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ECONOMY

Norway’s central bank raises interest rates to highest level since 2011

The key interest rate will be raised to its highest level for over a decade after Norway's central bank, Norges Bank, announced an increase on Thursday. 

Pictured is the barcode district in Oslo.
Norway's central bank has raised the key interest rate by 0.5 percentage points. Pictured is the barcode district in Oslo. Photo by Jacek Dylag on Unsplash

Norges Bank has raised the key interest rate by 0.5 percentage points to 2.25 percent, the third double rate hike in a row. 

Norway’s key policy rate is in line with analysts’ predictions and brings interest rates in the country to the highest level in over a decade. 

The central bank has seen sharply increasing rates from historic lows introduced in the pandemic as a tonic to curb inflation. 

“Price growth is clearly above our target of 2 percent, and there is a prospect that it will remain high for longer than previously estimated. We raise the interest rate to curb price inflation,” Ida Wolden Bache, governor of Norges Bank, stated when the announcement was made. 

In addition to the current rate increase, the bank said another rise would come in November. 

Inflation in Norway was around 6.5 percent between August and the same month the year before, according to figures from the national data agency Statistics Norway

On Tuesday, neighbouring Sweden raised the policy rate by one percentage point. 

While the interest rate increases are seen as a measure that can help curb inflation, several groups have warned that the hikes could lead to increased unemployment. 

Statistics Norway said Thursday that unemployment would likely increase in the near future as a result of rate increases. 

“Increased interest rates and inflation, together with the decline in the international economy, will slow down the Norwegian economy and contribute to increased unemployment,” director of Statistics Norway Geir Axelsen told Norwegian newswire NTB. 

“We think there will be a slight increase at the end of the year already, while we estimate unemployment will be 3.6 per cent on average in 2023,” he added.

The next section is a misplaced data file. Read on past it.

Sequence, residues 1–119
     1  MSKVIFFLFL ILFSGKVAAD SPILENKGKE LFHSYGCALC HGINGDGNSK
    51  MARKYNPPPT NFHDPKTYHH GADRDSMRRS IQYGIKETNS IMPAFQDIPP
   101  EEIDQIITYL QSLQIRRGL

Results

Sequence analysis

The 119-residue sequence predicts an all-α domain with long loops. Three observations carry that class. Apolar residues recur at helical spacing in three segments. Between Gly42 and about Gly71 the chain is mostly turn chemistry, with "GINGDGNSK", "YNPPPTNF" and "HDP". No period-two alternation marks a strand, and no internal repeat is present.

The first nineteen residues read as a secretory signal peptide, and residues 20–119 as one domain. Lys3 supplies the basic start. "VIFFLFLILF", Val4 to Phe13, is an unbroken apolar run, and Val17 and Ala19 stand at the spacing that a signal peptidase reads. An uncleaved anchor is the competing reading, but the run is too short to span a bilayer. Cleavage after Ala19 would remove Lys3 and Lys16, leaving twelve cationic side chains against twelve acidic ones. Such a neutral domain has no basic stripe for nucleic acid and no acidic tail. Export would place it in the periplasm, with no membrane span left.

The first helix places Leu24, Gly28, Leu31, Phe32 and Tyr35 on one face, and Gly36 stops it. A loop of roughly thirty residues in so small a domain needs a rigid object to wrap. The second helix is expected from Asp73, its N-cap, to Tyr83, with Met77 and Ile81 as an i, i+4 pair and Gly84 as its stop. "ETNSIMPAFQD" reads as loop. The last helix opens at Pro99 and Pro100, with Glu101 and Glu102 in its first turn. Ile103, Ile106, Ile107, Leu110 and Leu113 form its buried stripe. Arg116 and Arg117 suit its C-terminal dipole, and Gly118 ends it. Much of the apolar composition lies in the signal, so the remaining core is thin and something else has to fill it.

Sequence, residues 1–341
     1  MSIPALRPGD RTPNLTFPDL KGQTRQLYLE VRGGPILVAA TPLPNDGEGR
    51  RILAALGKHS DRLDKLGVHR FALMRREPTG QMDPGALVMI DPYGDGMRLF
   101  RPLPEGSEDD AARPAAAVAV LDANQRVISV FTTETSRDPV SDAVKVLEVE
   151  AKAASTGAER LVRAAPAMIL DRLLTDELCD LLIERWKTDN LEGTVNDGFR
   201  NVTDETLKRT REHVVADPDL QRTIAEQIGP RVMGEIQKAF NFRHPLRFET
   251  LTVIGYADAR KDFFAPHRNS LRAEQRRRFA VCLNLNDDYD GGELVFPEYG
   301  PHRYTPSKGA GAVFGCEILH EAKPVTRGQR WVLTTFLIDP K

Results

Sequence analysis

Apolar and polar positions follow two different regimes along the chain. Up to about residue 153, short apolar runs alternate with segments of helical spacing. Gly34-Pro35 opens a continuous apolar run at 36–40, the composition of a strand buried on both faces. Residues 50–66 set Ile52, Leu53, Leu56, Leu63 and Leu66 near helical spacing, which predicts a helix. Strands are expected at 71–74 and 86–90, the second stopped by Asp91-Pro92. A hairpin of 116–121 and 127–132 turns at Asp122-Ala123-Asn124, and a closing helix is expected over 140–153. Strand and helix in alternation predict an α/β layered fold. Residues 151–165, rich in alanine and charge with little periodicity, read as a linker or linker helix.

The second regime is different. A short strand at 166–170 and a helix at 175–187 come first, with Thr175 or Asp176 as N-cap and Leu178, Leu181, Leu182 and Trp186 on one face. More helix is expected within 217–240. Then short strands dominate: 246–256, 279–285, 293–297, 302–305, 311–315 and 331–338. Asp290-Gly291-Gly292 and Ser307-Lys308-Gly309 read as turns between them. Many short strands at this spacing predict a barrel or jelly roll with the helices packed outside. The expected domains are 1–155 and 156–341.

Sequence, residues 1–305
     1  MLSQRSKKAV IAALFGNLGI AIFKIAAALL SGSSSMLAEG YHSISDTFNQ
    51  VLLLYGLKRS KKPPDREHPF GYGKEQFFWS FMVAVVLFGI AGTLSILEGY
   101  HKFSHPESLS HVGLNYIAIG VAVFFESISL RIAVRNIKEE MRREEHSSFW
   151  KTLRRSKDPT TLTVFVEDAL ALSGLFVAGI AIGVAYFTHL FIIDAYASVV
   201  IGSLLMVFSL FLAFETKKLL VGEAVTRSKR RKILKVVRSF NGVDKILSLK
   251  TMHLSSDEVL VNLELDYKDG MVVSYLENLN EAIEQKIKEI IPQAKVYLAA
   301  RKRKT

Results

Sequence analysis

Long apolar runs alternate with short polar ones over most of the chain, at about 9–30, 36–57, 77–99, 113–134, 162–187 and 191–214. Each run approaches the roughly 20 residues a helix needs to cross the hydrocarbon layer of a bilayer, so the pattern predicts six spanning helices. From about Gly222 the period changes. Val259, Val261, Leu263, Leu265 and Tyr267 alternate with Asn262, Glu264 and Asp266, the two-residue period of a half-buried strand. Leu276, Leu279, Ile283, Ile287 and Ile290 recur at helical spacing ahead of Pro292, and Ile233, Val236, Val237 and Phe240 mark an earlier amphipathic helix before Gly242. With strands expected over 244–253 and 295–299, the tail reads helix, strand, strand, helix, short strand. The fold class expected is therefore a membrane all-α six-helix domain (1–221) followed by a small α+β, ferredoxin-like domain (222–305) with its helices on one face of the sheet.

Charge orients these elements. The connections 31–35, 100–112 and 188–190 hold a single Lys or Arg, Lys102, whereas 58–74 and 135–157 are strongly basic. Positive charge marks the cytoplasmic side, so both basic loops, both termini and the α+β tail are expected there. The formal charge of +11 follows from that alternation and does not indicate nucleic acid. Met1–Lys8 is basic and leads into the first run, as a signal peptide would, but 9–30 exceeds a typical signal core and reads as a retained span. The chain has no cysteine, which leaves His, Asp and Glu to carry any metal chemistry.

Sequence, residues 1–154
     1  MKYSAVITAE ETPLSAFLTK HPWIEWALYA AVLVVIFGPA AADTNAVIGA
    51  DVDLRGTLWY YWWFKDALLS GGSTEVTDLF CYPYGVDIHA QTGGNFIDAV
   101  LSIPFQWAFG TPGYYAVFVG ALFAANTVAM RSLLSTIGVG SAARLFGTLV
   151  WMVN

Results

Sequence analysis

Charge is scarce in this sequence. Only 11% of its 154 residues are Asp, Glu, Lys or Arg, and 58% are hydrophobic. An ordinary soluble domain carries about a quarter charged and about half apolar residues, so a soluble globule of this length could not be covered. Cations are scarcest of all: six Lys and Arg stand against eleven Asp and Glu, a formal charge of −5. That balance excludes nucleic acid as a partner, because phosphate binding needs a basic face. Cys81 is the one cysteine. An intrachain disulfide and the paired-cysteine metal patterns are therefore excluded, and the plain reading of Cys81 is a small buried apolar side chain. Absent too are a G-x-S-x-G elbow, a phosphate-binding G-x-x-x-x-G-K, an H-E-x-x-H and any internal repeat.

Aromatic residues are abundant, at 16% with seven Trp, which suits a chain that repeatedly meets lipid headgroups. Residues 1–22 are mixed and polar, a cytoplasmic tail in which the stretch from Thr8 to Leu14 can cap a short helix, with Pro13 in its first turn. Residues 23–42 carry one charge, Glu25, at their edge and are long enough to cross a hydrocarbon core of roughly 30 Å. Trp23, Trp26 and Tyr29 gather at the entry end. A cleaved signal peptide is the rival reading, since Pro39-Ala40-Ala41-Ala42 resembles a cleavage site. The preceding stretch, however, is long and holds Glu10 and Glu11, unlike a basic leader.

READ ALSO: How much poverty is there in Norway?

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ECONOMY

Unemployment in Norway to rise, says new economic forecast

Unemployment in Norway is set to increase in the months ahead, according to a new economic forecast from the Confederation of Norwegian Enterprise (NHO).

Unemployment in Norway to rise, says new economic forecast

The Confederation of Norwegian Enterprise (NHO) presented its economic forecast on Tuesday morning. Øystein Dørum, NHO’s chief economist, believes that unemployment in the country is set to increase.

Dørum’s latest forecasts are quite gloomy – he believes that unemployment will rise and describes the current situation in the Norwegian economy as characterised by a shortage of goods, raw materials, and energy. 

At the end of September, registered unemployment in Norway stood at 1.6 percent of the workforce.

After the COVID-19 pandemic in Norway effectively ended, employment growth has been at its highest since the mid-1990s. However, several indicators now point to a cooling off of the labor market in the coming years.

According to Dørum, the Labor Force Survey (LFS) unemployment rate (which accounts for unemployed people looking for work without necessarily being registered at the NAV) will amount to 3.1 percent in 2022 and increase to 3.4 and 3.7 percent in 2023 and 2024, respectively.

Decreased demand for labour

Furthermore, NHO’s chief economist warns that the proportion of NHO companies that reported a lack of access to qualified labour decreased in the third quarter of 2022, in line with their employment prospects.

More than one in three companies believe that the market outlook for the next six months has worsened or will worsen.

According to Statistic Norway (SSB) figures, the number of newly advertised job positions is also lower compared to Spring figures, and the decline in unemployment has somewhat leveled off.

The survey among businesses for the third quarter has also shown that more companies now want to reduce the number of workers than increase it.

Every tenth company says they plan to announce layoffs in the next three months. In addition, 8 percent said they plan to dismiss workers, Norwegian Broadcasting (NRK) reports.

“The turnaround has been particularly abrupt in tourism and business-related service provision,” the NHO’s report states.

In conclusion, the NHO assumes that growth in the workforce will level off when activity in the Norwegian economy declines.

 

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